EMOTIONS: THE GREEK PARADIGM
Image: Confession inscription from Lydia: A frightened thief returns a stolen garment (TAM V.1.159)
Emotions influence social relations; consequently, they are socially relevant, subject to scrutiny, judgment, and normative intervention. The manifestation, perception and treatment of emotions are continually influenced by cultural and social changes. This project studies the parameters, which influenced the representation of emotions in texts and images in Greece, the Greek colonies, and the Hellenized areas from the first appearance of alphabetical sources to the establishment of Christianity (from the eighth century BCE to the early sixth century CE).
The project pursues the following objectives: to contribute to a more reliable, nuanced, and comprehensive history of emotions in the Greek world; to increase awareness of the importance of emotions in Classical studies; to make documentary sources accessible to scholars working on the history of emotions and, more generally, on the history of mentality; to contribute to the transdisciplinary study of emotions through the presentation of paradigms from Classical antiquity; and to enhance the dialogue between historical, social, and natural sciences.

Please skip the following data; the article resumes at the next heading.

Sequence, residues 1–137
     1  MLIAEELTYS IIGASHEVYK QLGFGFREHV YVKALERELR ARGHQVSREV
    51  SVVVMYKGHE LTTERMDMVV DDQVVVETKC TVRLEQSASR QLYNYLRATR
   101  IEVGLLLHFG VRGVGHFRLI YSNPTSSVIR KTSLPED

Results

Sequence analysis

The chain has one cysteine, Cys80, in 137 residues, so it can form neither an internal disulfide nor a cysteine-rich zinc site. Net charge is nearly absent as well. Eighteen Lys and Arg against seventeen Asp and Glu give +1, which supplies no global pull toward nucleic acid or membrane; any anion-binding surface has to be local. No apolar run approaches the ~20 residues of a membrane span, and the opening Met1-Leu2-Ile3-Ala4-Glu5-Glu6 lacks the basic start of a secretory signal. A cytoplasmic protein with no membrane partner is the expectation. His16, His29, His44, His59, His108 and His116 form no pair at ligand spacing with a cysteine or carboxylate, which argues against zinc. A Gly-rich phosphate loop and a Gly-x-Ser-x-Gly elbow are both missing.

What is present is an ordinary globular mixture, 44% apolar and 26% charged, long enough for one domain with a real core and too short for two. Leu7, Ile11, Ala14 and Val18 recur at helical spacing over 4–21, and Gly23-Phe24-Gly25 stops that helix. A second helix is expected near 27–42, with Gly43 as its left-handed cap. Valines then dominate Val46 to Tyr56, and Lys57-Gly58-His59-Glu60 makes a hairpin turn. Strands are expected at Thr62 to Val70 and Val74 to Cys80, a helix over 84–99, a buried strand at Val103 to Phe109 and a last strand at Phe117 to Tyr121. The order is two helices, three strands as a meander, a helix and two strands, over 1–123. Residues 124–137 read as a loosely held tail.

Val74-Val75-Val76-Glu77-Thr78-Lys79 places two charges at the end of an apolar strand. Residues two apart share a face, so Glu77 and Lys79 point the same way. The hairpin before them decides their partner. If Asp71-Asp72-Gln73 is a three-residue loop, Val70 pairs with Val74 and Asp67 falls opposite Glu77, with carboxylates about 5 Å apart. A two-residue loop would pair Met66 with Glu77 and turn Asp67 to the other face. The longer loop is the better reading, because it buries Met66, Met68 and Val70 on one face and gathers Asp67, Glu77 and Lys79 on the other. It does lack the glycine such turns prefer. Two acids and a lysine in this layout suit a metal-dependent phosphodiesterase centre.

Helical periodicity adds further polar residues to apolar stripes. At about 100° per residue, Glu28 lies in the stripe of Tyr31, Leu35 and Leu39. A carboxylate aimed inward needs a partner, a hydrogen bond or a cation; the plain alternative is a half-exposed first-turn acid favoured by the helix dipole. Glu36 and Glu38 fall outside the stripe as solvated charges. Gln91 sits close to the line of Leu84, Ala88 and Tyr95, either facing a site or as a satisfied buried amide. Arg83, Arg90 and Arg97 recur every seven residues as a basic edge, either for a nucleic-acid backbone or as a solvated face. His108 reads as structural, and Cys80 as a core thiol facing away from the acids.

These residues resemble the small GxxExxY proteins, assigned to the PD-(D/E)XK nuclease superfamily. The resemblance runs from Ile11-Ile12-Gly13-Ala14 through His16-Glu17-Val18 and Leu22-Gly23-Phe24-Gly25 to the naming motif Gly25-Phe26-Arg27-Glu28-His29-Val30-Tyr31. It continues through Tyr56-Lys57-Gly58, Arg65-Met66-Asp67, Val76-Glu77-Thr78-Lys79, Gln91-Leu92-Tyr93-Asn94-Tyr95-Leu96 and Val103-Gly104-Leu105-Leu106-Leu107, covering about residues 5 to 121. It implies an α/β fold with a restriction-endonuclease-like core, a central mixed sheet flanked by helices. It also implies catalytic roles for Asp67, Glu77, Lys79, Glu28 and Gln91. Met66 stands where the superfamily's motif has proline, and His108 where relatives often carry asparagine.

Emotions in the Classical world have been primarily studied in the light of their representation in literature and art. Such studies have provided important insights; yet, they are based on works primarily created in a few major urban centres, almost exclusively by educated men of a higher status. This project is based on an analysis of documentary sources (inscriptions and papyri), which have not been systematically collected and studied in connection with this subject, although they provide abundant, diverse, and representative evidence. As compared to literature and art, inscriptions and papyri represent a wide range of social strata and age-classes, originate in both genders, and are widely disseminated over time and space. These sources are analysed both diachronically (history of particular emotions) and synchronically (manifestations of emotions in defined historical contexts). Selected literary sources and archaeological material are also taken into consideration.
The project employs research associates in papyrology, epigraphy, archaeology, and philology as well graduate research assistants (team; jobs and scholarships). Occasional workshops serve the exchange between the research team and other scholars (news and events). In 2012-2013 the project will provide funds in order to relieve scholars from their teaching duties and allow them to cooperate as Senior Researchers in the analysis and synthesis (jobs and scholarships).
Download a detailed description of the project.
Confession inscription from Lydia: A frightened thief returns a stolen garment (TAM V.1.159)